One of the key problems facing organizations, both government and commercial, is how do they keep up with the rapidly changing security technologies to combat the ever changing threat and at the same time, how are they going to maintain a highly skilled security workforce while factoring in the high costs associated with both?. I believe that outsourcing some or a majority of security programs to trusted, well-equipped and qualified cyber security vendors, commonly called Managed Security Service Providers (MSSPs), is a viable solution to address the issues I have identified.

Considering the complexity of the SOC, it lends itself to being outsourced since many organizations are unable to equip and staff it. I am not trying to dilute the importance of other critical aspects of a cyber security program such as well written enforceable policy, robust security training, and board room support. Since the SOC is on the front line of most cyber attacks, it is a key security component. In the following sections, I have identified five major items that should be considered for outsourcing SOC functions to MSSPs: (1) Cost of Technology, (2) Access to Knowledge Bases, (3) Skilled Security Analysts, (4) Other Support Services, and (5) Is Outsourcing a Good Idea?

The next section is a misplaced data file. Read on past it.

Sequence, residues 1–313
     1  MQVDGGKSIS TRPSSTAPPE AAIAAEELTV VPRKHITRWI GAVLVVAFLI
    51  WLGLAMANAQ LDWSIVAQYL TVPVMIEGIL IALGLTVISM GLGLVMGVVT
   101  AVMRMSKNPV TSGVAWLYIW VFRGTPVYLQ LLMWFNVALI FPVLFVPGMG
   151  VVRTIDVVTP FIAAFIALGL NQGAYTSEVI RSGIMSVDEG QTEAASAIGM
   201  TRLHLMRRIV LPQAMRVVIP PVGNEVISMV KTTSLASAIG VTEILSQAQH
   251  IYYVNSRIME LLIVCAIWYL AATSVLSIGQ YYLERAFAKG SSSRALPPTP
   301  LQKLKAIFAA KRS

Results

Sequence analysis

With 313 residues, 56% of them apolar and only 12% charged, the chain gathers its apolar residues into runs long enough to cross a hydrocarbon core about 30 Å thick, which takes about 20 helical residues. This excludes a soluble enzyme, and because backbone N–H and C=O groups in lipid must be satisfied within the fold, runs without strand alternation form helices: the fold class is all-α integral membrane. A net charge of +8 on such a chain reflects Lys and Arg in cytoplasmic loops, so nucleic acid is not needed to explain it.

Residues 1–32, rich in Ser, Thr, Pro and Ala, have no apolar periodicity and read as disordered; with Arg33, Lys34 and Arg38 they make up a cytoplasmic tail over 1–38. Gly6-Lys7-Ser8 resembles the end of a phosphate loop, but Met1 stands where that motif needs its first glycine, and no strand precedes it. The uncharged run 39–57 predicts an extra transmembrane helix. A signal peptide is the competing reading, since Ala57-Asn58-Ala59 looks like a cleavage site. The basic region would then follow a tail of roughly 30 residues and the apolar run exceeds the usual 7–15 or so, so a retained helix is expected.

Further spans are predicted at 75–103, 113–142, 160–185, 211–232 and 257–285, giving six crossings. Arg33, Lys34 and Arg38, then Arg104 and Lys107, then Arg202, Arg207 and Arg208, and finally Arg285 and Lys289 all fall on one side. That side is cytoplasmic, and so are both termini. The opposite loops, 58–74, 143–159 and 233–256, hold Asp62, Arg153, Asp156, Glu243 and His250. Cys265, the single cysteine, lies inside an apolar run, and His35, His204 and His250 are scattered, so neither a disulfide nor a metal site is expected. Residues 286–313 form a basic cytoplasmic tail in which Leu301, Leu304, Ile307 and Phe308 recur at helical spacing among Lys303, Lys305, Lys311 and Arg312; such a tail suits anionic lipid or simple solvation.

Cost of Technology

Many of the really effective MSSPs have invested millions of dollars into their SOCs’ technology and capabilities, providing 24X7X365 monitoring of their clients’ networks. For small businesses, this type of investment is cost prohibitive and an MSSP is an excellent solution for providing around the clock security monitoring and the benefits of Next Generation technologies. Not only are these vendors auditing system logs, but many are using Security Information and Event Management (SIEM) technologies to correlate disparate events in their clients’ networks. The SIEM provides them with knowledge about intrusions that would otherwise go undetected. SIEMs alone are very expensive and require highly skilled security personnel to configure and operate them, as well as being able to generate complex, critical reports. Access to Knowledge Bases